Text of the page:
Mary Nelson and dozens of volunteers coordinated supplies and backpacks this weekend during the 11th Annual Youth Day Barbecue. Some volunteers had been onsite for as long as 12 hours with registrations totaling 21,639, according to Mary Nelson.
Staff from the Mary Nelson Center and first time volunteers echoed this year’s theme of “Wake Up, Everybody” by cooking, supervising games, coordinating school supplies and an afternoon of encouraging speakers hoping to motivate students to return to school this fall and avoid violence.
“I feel like I can lend a hand in helping to make this event what it is — about our kids,” said retiree and volunteer Carol Mattice who remembers when the lines used to wrap around the dangerous intersection of Colvin and State streets. Mattice had been onsite since 7 a.m. that morning and expected to be there until cleanup around 8 p.m.
Others, like Mattice, say their families have been recipients of Mary Nelson’s give-away and now volunteer to help ensure children remain safe and that families receive assistance registering to avoid a long wait. The giveaway began at 1 p.m.
School supplies were not the only necessities being given away for free. Clothes, food, sneakers and books were all made available to children.
“We have people who come through and they may not be able to shop so we try to make it a shopping spree experience,” said Beverly Scruggs who mans a free clothing table stacked with apparel for children, women and men. Scruggs and volunteers from People’s African Methodist Episcopal Church on South Salina Street gather clothes from their congregation and coordinate drives throughout the year in preparation for the backpack give-away.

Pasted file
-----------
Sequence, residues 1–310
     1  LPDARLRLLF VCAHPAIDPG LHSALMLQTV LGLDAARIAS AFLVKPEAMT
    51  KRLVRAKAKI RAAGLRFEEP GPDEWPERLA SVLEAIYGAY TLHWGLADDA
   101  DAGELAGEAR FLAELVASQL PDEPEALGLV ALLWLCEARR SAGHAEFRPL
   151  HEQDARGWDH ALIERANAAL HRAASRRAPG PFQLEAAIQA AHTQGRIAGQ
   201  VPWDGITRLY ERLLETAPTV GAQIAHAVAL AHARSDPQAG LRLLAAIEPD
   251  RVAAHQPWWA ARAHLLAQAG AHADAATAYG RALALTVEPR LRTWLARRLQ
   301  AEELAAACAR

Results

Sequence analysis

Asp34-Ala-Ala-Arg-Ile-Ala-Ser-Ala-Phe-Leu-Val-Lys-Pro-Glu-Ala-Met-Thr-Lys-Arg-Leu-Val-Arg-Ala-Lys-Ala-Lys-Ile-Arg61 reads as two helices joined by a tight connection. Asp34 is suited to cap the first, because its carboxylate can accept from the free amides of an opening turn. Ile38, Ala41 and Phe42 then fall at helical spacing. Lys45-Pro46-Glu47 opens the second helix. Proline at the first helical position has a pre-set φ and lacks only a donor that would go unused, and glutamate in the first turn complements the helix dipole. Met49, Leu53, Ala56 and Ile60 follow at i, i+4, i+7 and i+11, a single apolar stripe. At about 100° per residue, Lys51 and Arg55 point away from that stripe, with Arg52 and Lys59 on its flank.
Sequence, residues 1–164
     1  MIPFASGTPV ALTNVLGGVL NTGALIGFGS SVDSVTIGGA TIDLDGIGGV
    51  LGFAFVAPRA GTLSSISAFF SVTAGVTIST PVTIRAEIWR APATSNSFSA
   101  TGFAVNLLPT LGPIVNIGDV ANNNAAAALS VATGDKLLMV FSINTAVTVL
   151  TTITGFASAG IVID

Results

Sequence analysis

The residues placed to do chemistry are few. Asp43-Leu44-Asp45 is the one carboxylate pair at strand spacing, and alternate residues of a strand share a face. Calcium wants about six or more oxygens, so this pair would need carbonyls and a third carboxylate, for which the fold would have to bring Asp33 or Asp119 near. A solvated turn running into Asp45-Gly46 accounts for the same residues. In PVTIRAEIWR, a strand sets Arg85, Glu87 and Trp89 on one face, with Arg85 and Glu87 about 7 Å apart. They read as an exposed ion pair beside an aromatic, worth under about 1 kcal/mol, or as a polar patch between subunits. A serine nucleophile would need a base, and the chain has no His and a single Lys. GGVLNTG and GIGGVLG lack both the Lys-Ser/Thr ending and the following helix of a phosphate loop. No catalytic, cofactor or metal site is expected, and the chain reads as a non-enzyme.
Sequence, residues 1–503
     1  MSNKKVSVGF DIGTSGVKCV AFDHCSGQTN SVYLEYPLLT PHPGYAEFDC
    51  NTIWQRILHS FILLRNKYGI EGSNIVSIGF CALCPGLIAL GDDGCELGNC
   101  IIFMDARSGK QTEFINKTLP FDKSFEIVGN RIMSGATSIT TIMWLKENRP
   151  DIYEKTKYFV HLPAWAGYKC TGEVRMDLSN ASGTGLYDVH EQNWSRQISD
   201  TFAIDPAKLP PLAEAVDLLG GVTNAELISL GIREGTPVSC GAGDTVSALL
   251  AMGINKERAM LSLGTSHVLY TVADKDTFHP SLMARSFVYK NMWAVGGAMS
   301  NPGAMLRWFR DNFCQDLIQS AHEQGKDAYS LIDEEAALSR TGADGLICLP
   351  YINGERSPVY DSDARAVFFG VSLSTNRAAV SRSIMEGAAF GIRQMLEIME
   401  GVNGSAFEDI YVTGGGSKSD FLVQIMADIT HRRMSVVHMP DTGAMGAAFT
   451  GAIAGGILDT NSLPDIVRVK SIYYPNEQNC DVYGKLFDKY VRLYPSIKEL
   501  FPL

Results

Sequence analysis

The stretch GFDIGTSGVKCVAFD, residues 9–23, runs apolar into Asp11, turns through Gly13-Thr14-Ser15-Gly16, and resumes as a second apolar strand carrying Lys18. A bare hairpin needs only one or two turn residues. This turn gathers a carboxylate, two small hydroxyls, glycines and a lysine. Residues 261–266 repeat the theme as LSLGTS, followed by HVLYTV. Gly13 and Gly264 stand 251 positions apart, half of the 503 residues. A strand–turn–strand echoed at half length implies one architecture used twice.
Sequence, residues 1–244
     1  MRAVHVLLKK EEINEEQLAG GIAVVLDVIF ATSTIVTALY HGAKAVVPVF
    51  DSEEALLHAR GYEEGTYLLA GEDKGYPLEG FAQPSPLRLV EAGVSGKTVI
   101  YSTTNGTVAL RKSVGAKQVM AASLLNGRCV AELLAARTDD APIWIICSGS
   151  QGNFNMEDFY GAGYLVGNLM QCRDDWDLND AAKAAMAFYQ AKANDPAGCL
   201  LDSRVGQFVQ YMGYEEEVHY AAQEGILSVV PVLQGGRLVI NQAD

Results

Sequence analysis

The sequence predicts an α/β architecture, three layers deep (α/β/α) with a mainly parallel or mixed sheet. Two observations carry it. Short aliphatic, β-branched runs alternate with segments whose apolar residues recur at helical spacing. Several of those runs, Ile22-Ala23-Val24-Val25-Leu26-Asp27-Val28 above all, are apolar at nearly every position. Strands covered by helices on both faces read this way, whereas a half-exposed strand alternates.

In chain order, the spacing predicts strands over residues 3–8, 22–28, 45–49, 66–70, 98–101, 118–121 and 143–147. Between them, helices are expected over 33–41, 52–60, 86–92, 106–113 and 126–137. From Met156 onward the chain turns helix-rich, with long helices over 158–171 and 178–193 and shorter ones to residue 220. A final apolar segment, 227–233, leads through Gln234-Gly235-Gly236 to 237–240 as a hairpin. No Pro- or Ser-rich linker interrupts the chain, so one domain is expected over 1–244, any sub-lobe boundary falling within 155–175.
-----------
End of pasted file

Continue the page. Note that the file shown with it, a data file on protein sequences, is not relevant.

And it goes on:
Repeat volunteer and state trooper, Sobrina Vazquez, says she feels it is important for her and other civic members to be visible and involved as well. Vazquez helped to coordinate the sneaker giveaway from first time organizational participants, The Jim and Juli Boeheim Foundation.
The foundation donated between 250-300 Nike Darts to students who wrote essays on how school keeps students safe from violence. Boeheim and former SU player Scoop Jardine were present to hand out sneakers and greet students.
Businesses such as The Villa, Upstate Medical and Colgate were all present to offer free folders, loose supplies and free screenings. Carvel Ice Cream was the only vendor to charge a fee, but donated all proceeds made during the event back to the Mary Nelson Center.
Medical students Dorothy Shuldman and Leesha Alex from the Department of Public Health were present to help a young girl exasperated from the afternoon heat and say the event is about more than just giving away free services.
“We’ve sort of adopted the Mary Nelson Center and hope more professionals would come out and share their talents and information about keeping children safe and healthy.”
— By Ruthnie Angrand, The Stand Community Correspondent